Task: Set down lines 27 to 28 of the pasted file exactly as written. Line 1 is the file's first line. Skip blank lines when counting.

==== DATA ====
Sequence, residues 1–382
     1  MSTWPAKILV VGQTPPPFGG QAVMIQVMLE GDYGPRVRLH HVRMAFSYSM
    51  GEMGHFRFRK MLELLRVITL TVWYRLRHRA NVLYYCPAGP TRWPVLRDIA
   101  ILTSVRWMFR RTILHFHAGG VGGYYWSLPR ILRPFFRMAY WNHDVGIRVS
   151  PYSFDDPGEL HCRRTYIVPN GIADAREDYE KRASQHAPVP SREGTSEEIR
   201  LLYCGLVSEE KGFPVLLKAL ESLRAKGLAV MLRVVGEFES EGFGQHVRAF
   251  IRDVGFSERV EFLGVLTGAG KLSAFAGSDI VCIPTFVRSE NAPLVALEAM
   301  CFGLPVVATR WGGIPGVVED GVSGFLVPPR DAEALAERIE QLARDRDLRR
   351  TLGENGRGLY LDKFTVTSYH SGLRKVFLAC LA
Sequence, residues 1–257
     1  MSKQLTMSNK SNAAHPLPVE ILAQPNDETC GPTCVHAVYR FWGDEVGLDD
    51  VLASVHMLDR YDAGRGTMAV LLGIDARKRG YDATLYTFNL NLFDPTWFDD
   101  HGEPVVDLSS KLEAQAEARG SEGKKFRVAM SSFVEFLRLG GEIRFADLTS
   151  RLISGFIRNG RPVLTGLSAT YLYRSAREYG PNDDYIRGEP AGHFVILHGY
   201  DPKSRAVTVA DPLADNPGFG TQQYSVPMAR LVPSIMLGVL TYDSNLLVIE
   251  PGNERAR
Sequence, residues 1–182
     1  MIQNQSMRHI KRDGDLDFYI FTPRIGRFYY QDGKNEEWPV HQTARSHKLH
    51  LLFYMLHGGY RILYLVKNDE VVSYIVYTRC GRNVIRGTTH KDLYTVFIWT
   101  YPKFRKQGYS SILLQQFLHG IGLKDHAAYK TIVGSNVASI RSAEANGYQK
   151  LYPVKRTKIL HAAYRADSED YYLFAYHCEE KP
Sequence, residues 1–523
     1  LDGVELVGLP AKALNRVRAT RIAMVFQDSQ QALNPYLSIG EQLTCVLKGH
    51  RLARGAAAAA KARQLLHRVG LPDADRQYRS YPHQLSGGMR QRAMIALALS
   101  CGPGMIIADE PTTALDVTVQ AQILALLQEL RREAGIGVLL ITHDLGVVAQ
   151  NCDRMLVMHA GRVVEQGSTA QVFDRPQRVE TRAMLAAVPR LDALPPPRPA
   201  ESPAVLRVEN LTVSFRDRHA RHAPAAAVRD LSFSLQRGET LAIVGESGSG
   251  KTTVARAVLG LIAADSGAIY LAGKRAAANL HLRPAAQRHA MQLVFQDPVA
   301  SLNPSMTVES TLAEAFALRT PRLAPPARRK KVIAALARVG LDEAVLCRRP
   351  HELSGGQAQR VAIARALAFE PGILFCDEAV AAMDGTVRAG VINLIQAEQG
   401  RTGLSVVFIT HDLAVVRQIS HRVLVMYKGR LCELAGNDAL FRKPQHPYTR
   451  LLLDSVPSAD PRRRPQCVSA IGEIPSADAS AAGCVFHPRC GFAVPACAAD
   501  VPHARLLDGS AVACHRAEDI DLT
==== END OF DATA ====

   201  ESPAVLRVEN LTVSFRDRHA RHAPAAAVRD LSFSLQRGET LAIVGESGSG
   251  KTTVARAVLG LIAADSGAIY LAGKRAAANL HLRPAAQRHA MQLVFQDPVA